This powerful photo series teaches young girls that no career is off-limits

Source: Chris Crisman

With his photo series Women's Work, photographer Chris Crisman proves that no occupation is off-limits to women — including those typically dominated by men. 


The series, Crisman explained in an interview with A Photo Editor, started with an initial photo shoot with Heather Marold Thomason, a Philadelphia butcher. Following his meeting with Thomason, Crisman said, "It immediately became something I wanted to further develop." He went on to photograph a truck driver, a firefighter and a lobster fisherwoman, among others.

"I am a father of two – a 4-year-old boy and a 2-year-old girl," Crisman continued. "I was raised to believe that I could do whatever I wanted to when I grew up. I want to pass down a similar message to my children, and without caveats. I want to raise my children knowing that their dreams have no limits and that they have parents supporting them to dive into anything they feel passionate about."

Crisman summed up the project's message in one sentence: "Gender should not determine professional opportunities."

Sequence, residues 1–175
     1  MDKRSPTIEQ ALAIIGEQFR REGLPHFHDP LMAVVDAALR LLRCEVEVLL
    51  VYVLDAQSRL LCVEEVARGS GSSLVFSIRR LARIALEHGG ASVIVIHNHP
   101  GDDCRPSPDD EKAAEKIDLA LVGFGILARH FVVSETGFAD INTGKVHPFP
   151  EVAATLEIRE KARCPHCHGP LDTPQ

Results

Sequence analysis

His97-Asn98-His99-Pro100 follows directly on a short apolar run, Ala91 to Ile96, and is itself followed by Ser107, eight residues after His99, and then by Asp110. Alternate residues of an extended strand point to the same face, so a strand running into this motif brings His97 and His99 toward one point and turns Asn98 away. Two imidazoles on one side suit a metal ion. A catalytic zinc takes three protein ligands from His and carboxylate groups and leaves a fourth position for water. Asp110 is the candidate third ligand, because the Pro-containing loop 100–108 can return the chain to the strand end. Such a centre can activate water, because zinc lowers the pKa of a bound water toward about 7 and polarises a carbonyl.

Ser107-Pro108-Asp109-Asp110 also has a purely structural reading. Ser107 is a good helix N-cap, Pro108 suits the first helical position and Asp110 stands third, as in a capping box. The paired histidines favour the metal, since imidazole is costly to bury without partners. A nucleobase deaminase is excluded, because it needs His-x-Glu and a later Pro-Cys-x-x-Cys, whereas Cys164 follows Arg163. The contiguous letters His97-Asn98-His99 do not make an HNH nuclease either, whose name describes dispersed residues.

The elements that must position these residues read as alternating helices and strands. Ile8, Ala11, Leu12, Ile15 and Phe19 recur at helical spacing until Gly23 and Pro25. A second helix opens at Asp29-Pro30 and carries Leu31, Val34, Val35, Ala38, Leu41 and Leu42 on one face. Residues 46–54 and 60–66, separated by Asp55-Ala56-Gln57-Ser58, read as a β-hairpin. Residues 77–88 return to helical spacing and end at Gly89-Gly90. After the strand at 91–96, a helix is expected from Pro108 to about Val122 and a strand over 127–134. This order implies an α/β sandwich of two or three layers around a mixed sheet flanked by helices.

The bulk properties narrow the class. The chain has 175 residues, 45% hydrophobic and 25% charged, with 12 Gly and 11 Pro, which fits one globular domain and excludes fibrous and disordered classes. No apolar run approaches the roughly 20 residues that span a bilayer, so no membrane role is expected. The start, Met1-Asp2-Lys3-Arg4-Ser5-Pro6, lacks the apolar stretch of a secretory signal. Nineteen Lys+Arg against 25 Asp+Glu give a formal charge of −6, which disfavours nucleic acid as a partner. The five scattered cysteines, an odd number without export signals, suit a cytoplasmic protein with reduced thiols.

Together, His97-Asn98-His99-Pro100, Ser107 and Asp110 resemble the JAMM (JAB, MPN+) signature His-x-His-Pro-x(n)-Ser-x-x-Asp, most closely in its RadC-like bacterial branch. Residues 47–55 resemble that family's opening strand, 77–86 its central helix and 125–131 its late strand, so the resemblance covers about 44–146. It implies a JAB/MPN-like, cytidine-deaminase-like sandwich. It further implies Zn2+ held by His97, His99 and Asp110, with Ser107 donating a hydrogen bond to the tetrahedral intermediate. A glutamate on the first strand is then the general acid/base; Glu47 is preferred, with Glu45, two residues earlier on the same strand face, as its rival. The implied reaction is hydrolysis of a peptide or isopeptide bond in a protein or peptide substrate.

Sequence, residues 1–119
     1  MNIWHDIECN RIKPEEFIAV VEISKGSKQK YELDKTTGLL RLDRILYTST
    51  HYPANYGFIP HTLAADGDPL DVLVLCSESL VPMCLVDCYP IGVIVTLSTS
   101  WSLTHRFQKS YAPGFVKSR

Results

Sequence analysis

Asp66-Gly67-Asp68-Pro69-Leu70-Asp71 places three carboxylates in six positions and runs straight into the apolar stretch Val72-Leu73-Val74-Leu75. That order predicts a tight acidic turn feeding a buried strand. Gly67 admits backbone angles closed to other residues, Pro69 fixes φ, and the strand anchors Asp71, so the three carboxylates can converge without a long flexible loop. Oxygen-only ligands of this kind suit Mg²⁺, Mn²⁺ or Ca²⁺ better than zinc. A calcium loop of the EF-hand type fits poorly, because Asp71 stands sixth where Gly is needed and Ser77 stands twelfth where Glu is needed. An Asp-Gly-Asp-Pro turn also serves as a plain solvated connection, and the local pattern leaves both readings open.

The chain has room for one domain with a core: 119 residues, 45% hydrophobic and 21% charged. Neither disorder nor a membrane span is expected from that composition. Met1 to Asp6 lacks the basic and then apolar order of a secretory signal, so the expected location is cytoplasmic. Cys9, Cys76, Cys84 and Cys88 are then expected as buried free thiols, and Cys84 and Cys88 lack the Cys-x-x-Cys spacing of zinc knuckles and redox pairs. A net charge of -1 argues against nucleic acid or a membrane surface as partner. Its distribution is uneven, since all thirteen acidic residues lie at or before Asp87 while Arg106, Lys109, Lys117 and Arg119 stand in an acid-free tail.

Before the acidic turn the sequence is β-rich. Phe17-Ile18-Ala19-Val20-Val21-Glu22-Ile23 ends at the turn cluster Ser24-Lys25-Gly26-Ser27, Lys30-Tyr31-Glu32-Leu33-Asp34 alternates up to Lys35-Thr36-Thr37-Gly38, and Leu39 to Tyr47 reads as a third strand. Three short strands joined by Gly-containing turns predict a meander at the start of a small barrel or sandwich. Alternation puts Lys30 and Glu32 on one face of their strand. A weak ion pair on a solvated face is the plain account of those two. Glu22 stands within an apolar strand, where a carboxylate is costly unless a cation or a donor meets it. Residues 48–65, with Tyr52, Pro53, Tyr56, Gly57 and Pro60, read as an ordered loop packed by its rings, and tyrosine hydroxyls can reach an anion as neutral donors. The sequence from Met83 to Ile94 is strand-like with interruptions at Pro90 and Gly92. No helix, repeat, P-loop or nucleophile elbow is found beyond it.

Nevada haul truck driver Leann Johnson
Source: Chris Crisman

A 2015 study published in the journal Frontiers in Psychology suggested that cultural stereotypes of the male-dominated fields of computer science and engineering often dissuade women from joining those professions. Similarly, a 2016 ZipRecruiter study discovered people are less likely to apply to job listings that use gender-biased language. 

But even after entering a male-dominated profession, gender biases continue to plague women. A 2004 study in the Journal of Applied Psychology determined that women who succeed in male-dominated fields are disproportionately seen by their coworkers as difficult to work with, unlike those excelling in female-dominated professions.

Sadie Samuels, a Rockport, Maine, lobster fisher.
Source: Chris Crisman